Natural Bee Husbandry.

Natural Bee Husbandry Magazine is NBB’s other quarterly magazine, edited by John Phipps – The perfect read for any beekeeper who perhaps prefer their bees to be kept in hives more suited to the bees’ needs with minimal interference rather than for the beekeeper’s ease of management. This magazine is targeted mainly towards natural beekeepers who also refrain from using chemicals for the control of pests and diseases and strive to create an environment in their apiaries and gardens which will give the bees at least some year-round forage.

Jerry’s enthusiasm for the craft is a joy to be around and his beekeeping stories are endlessly fascinating, having rubbed shoulders with the likes of Brother Adam and Eva Crane back in the day. Yet his progressive approach to publishing and continuous (some may say obsessive) dedication to the craft by pushing new talent to the forefront, is something to be thankful for – he truly is an asset to the beekeeping world. 

Hear Hear!

Thank you, Jonathan.

4 thoughts on “Northern Bee Books Guest Blog & Apiary News.”

  1. Hi Ann
    Great read. Jerry deserves am MBE at least, for his contribution to the fostering of beekeeping and founding the ‘Quarterly’. with John.
    Your own intro., piece is refreshing. But I had to comment o your prose under though. ‘Breeding from the Best’ in these Varroa days, when the gene pool especially in Scotland is under constant threat could result in chronic inbreeding especially in more remote areas where the beekeeper population is low. This philosophy stems from an era when ferals and beekeepers were thicker on the ground than present day. Better to breed from the best 50% of your colonies, this will give a more balanced and sustainable local gene pool.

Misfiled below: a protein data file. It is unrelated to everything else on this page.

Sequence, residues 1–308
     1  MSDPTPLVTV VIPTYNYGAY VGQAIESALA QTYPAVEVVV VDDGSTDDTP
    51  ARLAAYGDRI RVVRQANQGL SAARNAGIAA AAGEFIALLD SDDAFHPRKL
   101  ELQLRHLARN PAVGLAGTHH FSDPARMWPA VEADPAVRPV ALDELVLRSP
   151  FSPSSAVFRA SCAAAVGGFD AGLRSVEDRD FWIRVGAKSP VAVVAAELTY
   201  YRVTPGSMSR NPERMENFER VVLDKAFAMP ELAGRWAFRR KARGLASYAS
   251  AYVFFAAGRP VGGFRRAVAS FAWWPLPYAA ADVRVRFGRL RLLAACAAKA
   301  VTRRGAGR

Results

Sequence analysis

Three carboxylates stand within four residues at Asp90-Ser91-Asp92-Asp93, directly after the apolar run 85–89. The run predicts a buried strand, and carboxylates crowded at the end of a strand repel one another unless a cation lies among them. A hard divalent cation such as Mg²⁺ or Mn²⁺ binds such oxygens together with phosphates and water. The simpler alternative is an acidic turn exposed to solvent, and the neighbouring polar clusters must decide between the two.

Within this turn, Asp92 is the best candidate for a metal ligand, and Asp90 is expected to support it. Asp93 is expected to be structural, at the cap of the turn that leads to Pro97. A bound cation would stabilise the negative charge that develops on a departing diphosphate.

Eric McArthur

    Ann stated: ‘My plan is to rear queens from my best stock and I need to assess these qualities over at least 2 seasons to get a good picture.

    1. Glad you liked the guest blog, Eric. I have 87 apiaries within a 10 mile radius, and 4 known free living colonies close by which is fortunate. I can’t do very much in the way of improving stock with only 10 colonies granted, but I aim to be more mindful of what is going on re traits in the apiary. Perhaps culling poor queens like Andrew Abrahams does on Colonsay will be a useful way forward.

  2. When you start beekeeping there is too little emphasis on your own record keeping and it is something I am learning to appreciate. It has led to me developing a far broader understanding of my colonies. I now know that my darkest bees can forage earlier and build up from a relatively tiny colony on the thin rations of early spring but that their build up, swarming and stores development comes to an end after the sweet chestnut and after that the brood breaks reduce numbers quickly thereafter. The palest bees are slower to build, hungrier through winter and rob though they are more productive later on but more prone to disease it seems. The hybrids offer a productive compromise between the two extremes. As it turns out they are not just bees in a box.